Mike Nowatzki reports for Forum News Service. He can be reached at (701) 255-5607.
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BISMARCK — North Dakota's delegates to the Democratic National Convention awarded 14 votes to Bernie Sanders and seven votes to Hillary Clinton as she clinched the presidential nomination Tuesday, but the state's most prominent Democrat missed the roll-call vote because of a previous commitment, a spokeswoman said. U.S. Sen. Heidi Heitkamp, a superdelegate who signed a letter in 2013 urging Clinton to run for president and endorsed her last December, still "strongly supports" the former secretary of state for president, according to a statement from Heitkamp's office.
BISMARCK — It wasn't an all-time high, but North Dakota's state-owned flour mill posted a healthy $9.3 million profit in fiscal year 2016 as record shipment volumes helped offset tough wheat market conditions, President and General Manager Vance Taylor said Tuesday. The State Mill and Elevator in Grand Forks reported unaudited profits of $9,336,618 for the year ending June 30, down 44 percent from a record $16.7 million in fiscal year 2015.
BISMARCK — An updated study of housing needs in North Dakota projects the state's population will grow 20 percent by 2029, with the greatest increase coming in low-income households that will drive demand for affordable housing. "There still going to be some pretty significant needs in the low- and very low-income areas," said Jolene Kline, executive director of the North Dakota Housing Finance Agency.
BISMARCK — Gov. Jack Dalrymple hinted Tuesday that a Republican plan to solve a $309.5 million budget shortfall during next week's special legislative session could include a $100 million draw from the state-owned Bank of North Dakota.
BISMARCK — North Dakota Democrats attending the party's national convention in Philadelphia this week are hoping for some excitement to counter the momentum Donald Trump enjoyed from a wild Republican National Convention last week. But the 22 delegates may not be much help to presumptive nominee Hillary Clinton in her historic quest to become the first woman to win a major party's nomination for president.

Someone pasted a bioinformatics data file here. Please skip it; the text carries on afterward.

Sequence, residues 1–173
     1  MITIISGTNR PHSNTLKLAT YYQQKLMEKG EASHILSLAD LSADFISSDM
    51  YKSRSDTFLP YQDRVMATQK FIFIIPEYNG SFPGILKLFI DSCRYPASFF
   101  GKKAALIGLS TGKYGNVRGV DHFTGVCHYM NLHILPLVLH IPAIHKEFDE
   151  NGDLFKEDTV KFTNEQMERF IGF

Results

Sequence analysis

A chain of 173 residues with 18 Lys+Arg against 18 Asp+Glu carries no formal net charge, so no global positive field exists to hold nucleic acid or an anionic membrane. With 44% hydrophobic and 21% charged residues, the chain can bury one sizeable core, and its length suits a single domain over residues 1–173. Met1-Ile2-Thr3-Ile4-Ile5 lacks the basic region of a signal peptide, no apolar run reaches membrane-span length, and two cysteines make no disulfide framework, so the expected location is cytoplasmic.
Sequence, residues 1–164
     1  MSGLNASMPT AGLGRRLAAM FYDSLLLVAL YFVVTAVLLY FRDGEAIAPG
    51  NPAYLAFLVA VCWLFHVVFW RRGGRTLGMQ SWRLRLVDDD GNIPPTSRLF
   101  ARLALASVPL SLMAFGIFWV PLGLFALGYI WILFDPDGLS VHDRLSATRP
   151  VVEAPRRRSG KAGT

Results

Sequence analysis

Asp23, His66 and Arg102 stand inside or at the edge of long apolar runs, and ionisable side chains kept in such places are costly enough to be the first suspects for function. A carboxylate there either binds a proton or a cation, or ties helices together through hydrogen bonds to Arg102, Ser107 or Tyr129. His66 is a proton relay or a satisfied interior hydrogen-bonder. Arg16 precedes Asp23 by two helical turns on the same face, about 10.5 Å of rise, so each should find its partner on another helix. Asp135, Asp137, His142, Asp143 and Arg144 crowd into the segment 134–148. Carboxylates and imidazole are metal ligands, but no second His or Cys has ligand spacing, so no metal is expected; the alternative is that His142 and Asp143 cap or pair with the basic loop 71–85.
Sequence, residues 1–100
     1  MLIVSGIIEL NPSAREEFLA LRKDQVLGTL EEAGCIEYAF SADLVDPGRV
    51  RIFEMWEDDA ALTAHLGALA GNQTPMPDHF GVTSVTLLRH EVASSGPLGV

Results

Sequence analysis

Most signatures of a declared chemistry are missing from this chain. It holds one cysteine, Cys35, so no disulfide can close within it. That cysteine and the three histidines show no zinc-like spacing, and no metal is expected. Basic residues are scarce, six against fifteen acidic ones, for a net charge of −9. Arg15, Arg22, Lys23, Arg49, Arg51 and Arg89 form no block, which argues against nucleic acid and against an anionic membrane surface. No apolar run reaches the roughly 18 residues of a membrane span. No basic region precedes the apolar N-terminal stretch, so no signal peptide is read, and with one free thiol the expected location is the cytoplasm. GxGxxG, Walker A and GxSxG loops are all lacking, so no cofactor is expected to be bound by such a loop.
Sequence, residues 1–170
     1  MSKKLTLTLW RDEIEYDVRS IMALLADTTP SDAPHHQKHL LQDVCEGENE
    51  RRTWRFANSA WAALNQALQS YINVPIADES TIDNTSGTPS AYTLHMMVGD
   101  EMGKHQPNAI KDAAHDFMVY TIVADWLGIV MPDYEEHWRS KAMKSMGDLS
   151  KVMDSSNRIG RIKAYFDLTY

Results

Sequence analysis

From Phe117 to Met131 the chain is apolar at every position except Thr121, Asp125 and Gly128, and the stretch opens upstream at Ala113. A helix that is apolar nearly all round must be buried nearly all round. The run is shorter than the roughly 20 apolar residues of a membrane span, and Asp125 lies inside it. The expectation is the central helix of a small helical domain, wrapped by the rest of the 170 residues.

BISMARCK – The North Dakota Department of Transportation has saved about $80 million through lower bids for road projects this year, but the state’s economic slowdown also has produced lower...
BISMARCK — Democratic lawmakers on Thursday will release their plan for balancing the state's budget during a special session next month, hoping majority Republicans will consider the proposal as they ready their own plan crafted by GOP leadership and Republican Gov. Jack Dalrymple.
BISMARCK — After receiving an application for the largest individual wind farm permit in state history, North Dakota utility regulators Wednesday warned that the continuing shift to wind power and pending shutdown of the state's oldest coal-fired power plant threaten power grid reliability. Glacier Ridge Wind Farm LLC filed an application last week asking the Public Service Commission for permission to build a 300.15-megawatt wind farm with up to 87 turbines on about 54 square miles of land five miles northeast of Valley City in Barnes County.
BISMARCK — The fuss raised by former North Dakota GOP chairman Gary Emineth on Monday at the Republican National Convention wasn't about unbinding delegates or stopping Donald Trump from becoming the party's presidential nominee, he said — he simply wanted a roll-call vote on the convention rules. But Emineth and other petitioners didn't get it, and while he was still stewing about it Tuesday in Cleveland, he said it was time for delegates to move on and unite behind Trump.
BISMARCK — Prized pigs and ribbon-worthy crafts could earn youngsters a bit less at the North Dakota State Fair next year. State agencies are proposing cuts to staff, equipment, travel and other areas—including State Fair prize premiums—to comply with 10 percent cuts ordered by Gov. Jack Dalrymple as they begin to submit their general fund budget requests for next biennium. With nowhere else to cut, fair Manager Renae Korslien said the State Fair Association had no choice but to slash premiums by more than $50,000.